OPA: Although you are an adjunct professor at CCA, you still work with elementary students through the fine arts museums program where you have been the poet in residence for over twenty years. What is similar or different about teaching college students, young adults, as oppose to elementary and secondary school students?
Young people tend to take more chances, to be willing to jump into the poetry fray and see what comes out. They will sit down and write a poem, two poems, more on demand in a short time period. Older students want to be right and to do it in the correct way, or alternately the want to do it their own way despite lacking a foundation. They write more studiously but, if not writing majors, tend to share with youngsters an aversion to editing and rewrite. Older students however bring abstract thought, which appeals to me, and elders have the added benefit of time on the job which can bring a real depth t their poetry.
OPA: I feel as if the poetry scene has changed a great deal from when we began. There now seems to be a clear divide between academic poets and non-academic poets. I feel as if you and I straddle both sites. Speak to that and what you see as your “role” as a poet.
I think some institutions in wanting to control a thing must name a thing, therefore one has academic and non-academic poets and poetry. It is such a farce. Academic poets are, presumably, those who have gained entrance to or may become a part of the canon. They are the poets worthy of being taught. Lucille Clifton is in it now, but wasn’t for years, Gwendolyn Brooks was finally admitted but many others are excluded. What makes the academic world the arbitrator of this or any part of the arts world?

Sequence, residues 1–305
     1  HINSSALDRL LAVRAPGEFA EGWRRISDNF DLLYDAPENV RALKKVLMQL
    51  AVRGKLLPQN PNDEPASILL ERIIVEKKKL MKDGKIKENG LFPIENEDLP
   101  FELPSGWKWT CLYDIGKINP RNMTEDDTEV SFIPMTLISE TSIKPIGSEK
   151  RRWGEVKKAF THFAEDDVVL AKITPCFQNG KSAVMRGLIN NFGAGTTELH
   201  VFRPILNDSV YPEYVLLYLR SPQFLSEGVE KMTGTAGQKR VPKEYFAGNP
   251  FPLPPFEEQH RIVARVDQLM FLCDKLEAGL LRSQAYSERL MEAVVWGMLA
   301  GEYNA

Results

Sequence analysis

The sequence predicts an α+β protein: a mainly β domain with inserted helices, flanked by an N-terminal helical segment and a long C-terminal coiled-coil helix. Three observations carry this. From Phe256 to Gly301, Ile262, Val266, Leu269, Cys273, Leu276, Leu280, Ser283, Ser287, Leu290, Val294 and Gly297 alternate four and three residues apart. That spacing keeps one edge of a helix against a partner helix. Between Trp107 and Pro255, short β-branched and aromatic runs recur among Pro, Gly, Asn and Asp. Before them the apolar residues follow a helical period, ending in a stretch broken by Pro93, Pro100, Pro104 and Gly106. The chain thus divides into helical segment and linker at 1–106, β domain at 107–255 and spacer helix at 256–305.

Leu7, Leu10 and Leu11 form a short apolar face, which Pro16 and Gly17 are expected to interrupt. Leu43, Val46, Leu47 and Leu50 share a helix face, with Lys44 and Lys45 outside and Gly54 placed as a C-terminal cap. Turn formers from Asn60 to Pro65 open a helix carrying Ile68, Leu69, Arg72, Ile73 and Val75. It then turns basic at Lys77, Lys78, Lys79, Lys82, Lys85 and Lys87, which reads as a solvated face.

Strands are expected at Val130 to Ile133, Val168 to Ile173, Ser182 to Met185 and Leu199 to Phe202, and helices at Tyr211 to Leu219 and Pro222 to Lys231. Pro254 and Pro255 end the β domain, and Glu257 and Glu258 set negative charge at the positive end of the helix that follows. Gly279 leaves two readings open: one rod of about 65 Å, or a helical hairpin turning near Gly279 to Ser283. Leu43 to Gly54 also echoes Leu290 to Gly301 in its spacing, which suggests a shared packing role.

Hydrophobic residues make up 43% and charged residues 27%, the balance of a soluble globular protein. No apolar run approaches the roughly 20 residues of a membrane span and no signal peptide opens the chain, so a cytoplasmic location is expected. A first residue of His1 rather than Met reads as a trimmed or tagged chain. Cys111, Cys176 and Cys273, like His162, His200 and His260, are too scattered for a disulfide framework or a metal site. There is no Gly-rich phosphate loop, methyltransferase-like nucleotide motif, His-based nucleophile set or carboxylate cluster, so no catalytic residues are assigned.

My role as a poet is to speak truth, to speak my vision of today, of the future with skill, integrity, and heart. In that I feel a responsibility to keep growing and to become stronger in my craft, but not through an arbitrary ideal of what constitutes a good line or poem structure. So much MFA poetry is strong in structure but weak in individuality, weak in originality, stifled in subject matter, such is the influence of the academic model. As a poet I try to write about what matters, and that is a large and complicated palette.
OPA: Do you have a poetry community, a tight-knit group of cohorts that you get together and with whom you workshop your work? And if yes, what is the value of such relationships?
Yes. Writing is a lonely task. Not that I feel lonely when I write. Indeed I am full of voices and music, but that it is done alone, often in quiet. Stepping out and having draft work reviewed by peers whom I trust gives me another perspective. How will the reader receive this work? Of course they are in some ways “the ideal reader” that the Italian writer Ecco speaks of in that they come with a certain amount of knowledge and an awareness of me, of each other. Still they are other ears, minds and hearts and they really do help me to see what I am doing and at times get unstuck in the poem or story. A trusted group comes with no agenda except to support each other in our writer journeys.
OPA: I know you are always working on multiple projects? What’s next for devorah? How can the poetry community or just your audience or anyone out there assist you in your next project?
I have another poetry manuscript almost completed, tentatively titled SNAP. I have a novel, novella and a few children’s stories finished and waiting for an agent or publisher to see and appreciate their possibilities. I am working on finishing a collection of short stories, mostly speculative fiction and/or science fiction, and a sequel to the science fiction novel I am now shopping. I am redacting tapes I made with my father for an eventual book, which will be his memoir with interjects and historical context by the daughter of the writer. Also, I am working on a book, with you, on how to teach poetry to secondary school students. To support any writer, buy their books if you can and/or attend their readings. Also if they have a website, visit and comment.
devorah major, and then we became. San Francisco: City Lights Books, 2016; 80 pages
ISBN 978-0-87286-726-0, $12.95